Tuesday, January 25, 2011


Time to actually PACK the stuff.

From Right to left:  A plastic tube for a brush holder (packaging from some product or other), Pencil, pen, hook for the brush holder, palette knife, Brushes: bristle flats # 8, 6, 6, 4, white nylon flat #2, synthetic sable round, brush bag, and underneath the sketch book.  1 lb.

An Open Box M pochade, and a light tripod.  This is a really light-weight kit that won't stand up to any wind.  It's mostly useful just for holding stuff still and keeping my painting out of the sand.  5.8 lbs.

Oil colors, detailed here.  Packed in a plastic pencil box.  MSDS attached with flash point highlighted.  Sheet attached which says:   The enclosed materials are artist’s colors made from vegetable oil.  They have a flash point above 550 degrees and are not flammable.  (I write the same thing in the language of any foreign country I travel to.)  2.5 lbs.

A couple of mediums, detailed here.  A small jar of baby oil for brush cleaning.  More can be purchased at my destination.  Instructions for BRUSH CLEANING WITHOUT SOLVENT. This is packed with the MSDS, with flash points highlighted.   .8 lbs.

Miscellaneous stuff.  A couple of bungee cords.  A car sunshade, which might clip to the easel and add some shade for the canvas.  A small roll of paper towels or TP for brush cleaning, and a grocery bag for garbage... just enough for my first day.  Thumb tacks for attaching canvas to stretchers, A couple of pencils and a tiny sketch book. A value scale.  A roll of narrow painter's tape for marking off paintings, Command adhesive for hanging paintings to dry, ATG tape for temporarily sticking canvas to cardboard.  All of this in a stuff sack.  1.1 lbs.

Canvas, as detailed here.  For three weeks I am packing what you see above.  If I need more, I'll get it there and paint on acrylic ground.  Some of this will go in my carry-on to spread the weight around a bit.  If there's too much weight in my bags, I'll leave behind the largest canvas (and miss it when I'm there.) 10.3 lbs of painting supports.

When I get to my destination, this stuff will pack into my carry-on backpack to take wherever I want to paint.

Things I will buy or acquire at my destination:  Grass mats for laying painting supplies on the sand.  Plastic grocery sacks for garbage.  Paper towels or tp to clean brushes with. Mineral oil for brush cleaning.  Jar lids for putting medium in.  If I run out of paint or other supplies, I can buy something there.

Here's a comprehensive resource for any questions I haven't answered.  Making a Mark

Enough packing.  Time to paint!

Monday, January 24, 2011


These are the oil colors I take to the tropics:

Titanium White:  A large tube
Cadmium Yellow Medium (Sometimes I carry Cadmium Yellow Light instead.)
Cadmium Red Light (A small tube of this is enough.)
Quinacridone Red (A moderately small tube is enough.)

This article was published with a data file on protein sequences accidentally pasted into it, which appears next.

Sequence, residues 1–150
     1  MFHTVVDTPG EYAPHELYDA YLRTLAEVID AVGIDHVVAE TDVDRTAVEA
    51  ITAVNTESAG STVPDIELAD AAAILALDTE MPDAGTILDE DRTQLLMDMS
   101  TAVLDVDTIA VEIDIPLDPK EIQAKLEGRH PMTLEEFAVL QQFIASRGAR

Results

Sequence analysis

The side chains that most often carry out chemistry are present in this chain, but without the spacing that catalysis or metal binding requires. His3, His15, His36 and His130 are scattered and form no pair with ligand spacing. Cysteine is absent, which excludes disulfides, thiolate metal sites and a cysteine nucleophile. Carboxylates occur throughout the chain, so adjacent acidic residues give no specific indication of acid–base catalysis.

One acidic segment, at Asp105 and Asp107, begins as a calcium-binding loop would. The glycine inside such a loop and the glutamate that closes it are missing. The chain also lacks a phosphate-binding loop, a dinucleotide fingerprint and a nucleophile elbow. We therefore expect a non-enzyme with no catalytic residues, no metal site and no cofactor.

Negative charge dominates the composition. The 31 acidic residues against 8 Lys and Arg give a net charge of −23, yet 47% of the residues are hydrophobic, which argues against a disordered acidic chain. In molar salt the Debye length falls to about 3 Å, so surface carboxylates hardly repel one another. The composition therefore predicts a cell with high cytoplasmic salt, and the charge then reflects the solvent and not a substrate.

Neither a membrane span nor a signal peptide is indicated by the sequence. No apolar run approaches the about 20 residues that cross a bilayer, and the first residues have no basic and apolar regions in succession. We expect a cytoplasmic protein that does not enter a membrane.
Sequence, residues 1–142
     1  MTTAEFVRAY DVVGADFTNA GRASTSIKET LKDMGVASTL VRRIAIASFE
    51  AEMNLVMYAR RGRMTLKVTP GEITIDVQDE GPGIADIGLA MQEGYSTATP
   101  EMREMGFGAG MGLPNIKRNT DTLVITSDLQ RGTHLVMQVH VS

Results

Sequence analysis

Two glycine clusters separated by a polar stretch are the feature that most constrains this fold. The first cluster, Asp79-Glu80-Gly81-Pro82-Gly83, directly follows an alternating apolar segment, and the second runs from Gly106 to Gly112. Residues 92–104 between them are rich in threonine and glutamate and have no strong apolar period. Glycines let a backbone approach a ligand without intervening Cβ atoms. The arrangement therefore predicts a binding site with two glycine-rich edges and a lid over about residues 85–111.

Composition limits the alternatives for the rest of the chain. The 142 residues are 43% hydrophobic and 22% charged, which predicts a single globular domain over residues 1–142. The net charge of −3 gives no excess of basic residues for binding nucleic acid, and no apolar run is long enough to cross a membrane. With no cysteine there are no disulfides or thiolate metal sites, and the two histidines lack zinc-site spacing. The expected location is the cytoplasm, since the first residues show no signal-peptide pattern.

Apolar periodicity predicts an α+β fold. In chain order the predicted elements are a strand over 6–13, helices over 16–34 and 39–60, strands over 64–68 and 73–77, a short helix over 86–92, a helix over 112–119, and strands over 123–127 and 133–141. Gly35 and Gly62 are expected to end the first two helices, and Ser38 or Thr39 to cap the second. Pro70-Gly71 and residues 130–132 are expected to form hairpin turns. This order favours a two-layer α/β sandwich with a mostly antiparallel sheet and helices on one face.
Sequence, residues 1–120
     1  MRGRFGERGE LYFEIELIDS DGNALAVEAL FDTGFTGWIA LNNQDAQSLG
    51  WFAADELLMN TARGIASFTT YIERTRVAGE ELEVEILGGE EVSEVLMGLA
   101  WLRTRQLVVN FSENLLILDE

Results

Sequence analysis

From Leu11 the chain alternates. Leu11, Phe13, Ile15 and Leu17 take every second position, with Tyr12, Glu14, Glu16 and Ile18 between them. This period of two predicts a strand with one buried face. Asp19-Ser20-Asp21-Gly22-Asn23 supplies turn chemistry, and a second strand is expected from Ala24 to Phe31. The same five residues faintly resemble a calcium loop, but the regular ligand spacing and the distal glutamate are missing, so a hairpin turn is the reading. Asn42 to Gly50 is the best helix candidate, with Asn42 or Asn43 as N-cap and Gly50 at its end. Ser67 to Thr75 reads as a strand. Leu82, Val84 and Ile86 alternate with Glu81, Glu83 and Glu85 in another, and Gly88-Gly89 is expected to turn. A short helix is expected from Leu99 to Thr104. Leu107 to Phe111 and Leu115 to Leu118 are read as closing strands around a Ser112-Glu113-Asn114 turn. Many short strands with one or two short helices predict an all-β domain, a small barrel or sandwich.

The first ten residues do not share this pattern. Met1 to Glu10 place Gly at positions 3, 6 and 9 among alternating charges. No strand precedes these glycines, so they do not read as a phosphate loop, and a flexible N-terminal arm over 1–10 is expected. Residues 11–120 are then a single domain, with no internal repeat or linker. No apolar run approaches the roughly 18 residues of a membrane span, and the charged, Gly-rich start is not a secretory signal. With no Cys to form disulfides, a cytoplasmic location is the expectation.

Anthraquinone Red  (I could travel without this.  It is a darker version of Quinacridone Red, and a shortcut.)
Ultramarine Blue
Pthalo Blue (Essential for tropical water)
Pthalo Emerald  (Also essential for tropical water, and useful in skies)

And if I feel like it and I have room:
Transparent Red Iron Oxide (A shortcut for creating warm darks)
Cadmium Green (Useful in skies.)

Saturday, January 22, 2011


If you have limited room in your luggage and you're on a budget, you might want to make a lap box to use in place of an easel.  Here's how:

1.  Purchase a plastic project case.  They cost a few bucks at an office supply store.  The case should be large enough to hold your canvas attached to cardboard or your canvas panel, plus your plastic or paper palette, flat on the inside.  My box is large enough for 9 x 12.

2.  Spray paint the entire inside of the box black.  This will shade your painting and palette from direct sunlight if you sit with the box facing toward the sun.

3.  With a small drill or a nail, make holes 3 or 4 inches from the hinge, on both sides of the top and the bottom of the box.  Feed a string through the holes, and tie it so that the string holds the lid of the box up, at just a little more than 90 degrees.  (If it is less, the box will close on you when you don't want it to.)

4.  Get a piece of plexiglass that fits in the bottom of the box.  Spray paint the back side of it gray.

5.  Cover the back with duct tape so that the gray paint won't scratch off.

6.  Place your palette in the bottom of the box.  Clip the canvas on cardboard or the panel to the top with clips that you can get at a hardware store.  You can also carry a bungee cord, which is useful for fastening the lap box to picnic benches, etc.  This box weighs 1.6 lbs with a single canvas and cardboard.

7.  You can close the lap box with paint in it, and store it in the freezer in between paintings.

8.  The watercolor version can be made without the string hinge, so your paper can lie flat.  If you wish, you can hot-glue your watercolor palette into the bottom of the box. This box weighs 1.3 lbs.